Tensions flare over England’s virus restrictions.
By Natasha Frost
We’re covering new virus restrictions for England, an E.U. agency’s complicity in illegal anti-migrant practices and the thousands displaced by the conflict in Tigray, Ethiopia.
Tensions flare over England’s virus restrictions
Under fire from critics over the economic and social cost of his coronavirus restrictions, Prime Minister Boris Johnson will bring a grueling, second, national lockdown in England to an end next week, replacing it with a three-tier system of region-specific rules.
One flash point in the new rules: trips to the pub. For the more than 23 million people who live in the most restricted tier, visits to their local will be off-limits, disappointing patrons and depriving the beleaguered hospitality sector of critical revenue in the weeks leading up to Christmas.
Already, members of Mr. Johnson’s own party have pushed back against the new pub rules and vowed to vote against the three-tier plan when it goes to Parliament for approval next week.
“I have severe reservations on so many different levels,” said Graham Brady, who chairs the influential 1922 committee of Conservative backbench lawmakers. “I do think that the policies have been far too authoritarian. I think they have interfered in people’s private and personal lives in a way which is unacceptable.”
Related: After being caught unawares by England’s first lockdown, the country’s playhouses have successfully pivoted to streamed performances and other digital offerings.
Here are the latest updates and maps of the pandemic.
In other developments:
Since unveiling the preliminary results of its vaccine trial with the University of Oxford, the pharmaceutical company AstraZeneca has acknowledged a key mistake in the vaccine dosage received by some study participants.
Coronavirus cases in the U.S. have reached record highs, with an average of more than 176,000 a day over the past week. Deaths are soaring, with more than 2,200 announced each day on Tuesday and Wednesday, the highest daily totals since early May.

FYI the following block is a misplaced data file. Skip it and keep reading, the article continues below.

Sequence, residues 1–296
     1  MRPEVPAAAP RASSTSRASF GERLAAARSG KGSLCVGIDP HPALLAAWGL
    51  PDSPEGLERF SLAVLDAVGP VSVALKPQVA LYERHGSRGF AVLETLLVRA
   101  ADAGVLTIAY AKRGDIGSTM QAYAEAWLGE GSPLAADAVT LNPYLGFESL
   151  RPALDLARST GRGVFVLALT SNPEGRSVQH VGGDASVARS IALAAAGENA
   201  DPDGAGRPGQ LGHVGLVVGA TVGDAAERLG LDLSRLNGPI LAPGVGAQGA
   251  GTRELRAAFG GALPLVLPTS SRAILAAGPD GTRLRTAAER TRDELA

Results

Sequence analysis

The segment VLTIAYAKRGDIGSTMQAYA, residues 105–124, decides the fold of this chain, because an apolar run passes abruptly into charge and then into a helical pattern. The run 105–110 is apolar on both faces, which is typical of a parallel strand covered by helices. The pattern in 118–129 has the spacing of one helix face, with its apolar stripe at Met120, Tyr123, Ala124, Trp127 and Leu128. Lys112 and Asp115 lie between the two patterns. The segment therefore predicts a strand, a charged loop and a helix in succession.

With German authorities registering an average of more than 18,000 new infections a day, Chancellor Angela Merkel and state governors agreed to stricter rules and an extension of the country’s partial lockdown through December.
A pilot program will allow a limited number of passengers to travel across the Atlantic to Rome from Atlanta without having to quarantine upon arrival.
Frontex’s complicity in illegal anti-migrant practices
Mounting evidence indicates that the European Union’s border agency has been complicit in Greece’s illegal practice of pushing back migrants to Turkey, according to documents obtained by The New York Times and interviews with officials.
In at least one case, Frontex, as the E.U. border agency is known, is accused of having helped cover up the violations, when a crew said it was discouraged by agency officials from reporting that they had seen the Greek authorities setting a boatload of migrants adrift in Turkish waters.
The case is currently being investigated by Frontex. But it has fueled suspicions not only that the agency, newly amplified in its role as upholder of the rule of law at E.U. borders, is sporadically aware of such abuses, but also that it plays a role in concealing them.
Salvaged treasure: An Algerian couple who survived the capsizing of a boat on its way from Libya to Europe last month will be reunited with the wedding rings the couple had lost in the shipwreck in which five people died. Rescuers recovered the bands in a backpack floating in the Mediterranean, and an Italian newspaper helped with the search.
Thousands displaced in Ethiopia’s Tigray region
Just over three weeks ago, Prime Minister Abiy Ahmed of Ethiopia unleashed his military forces in an attempt to subdue the country’s northern region of Tigray, whose rebellious governing party was until recently the dominant force in Ethiopia’s central government.
On Thursday, Mr. Ahmed ratcheted up the conflict, ordering what he called a “final” military assault on Tigray’s capital and announcing that the deadline had passed for leaders of the governing party, the Tigray People’s Liberation Front, to surrender.
“The last peaceful gate which had remained for the T.P.L.F. clique to walk through have now been firmly closed,” Mr. Ahmed said in a statement on Twitter.
Repercussions: Already, hundreds of people have been reported dead in the fighting, and 40,000 refugees have crossed into neighboring Sudan, according to the United Nations. Humanitarian organizations have also warned of fuel and food shortages and large numbers of civilian casualties in the region.
Opinion: Mr. Ahmed has become the protagonist of a familiar story in Africa, which is written in blood by politicians in pursuit of power, writes the novelist Sulaiman Addonia, a former child refugee.
If you have 5 minutes, this is worth it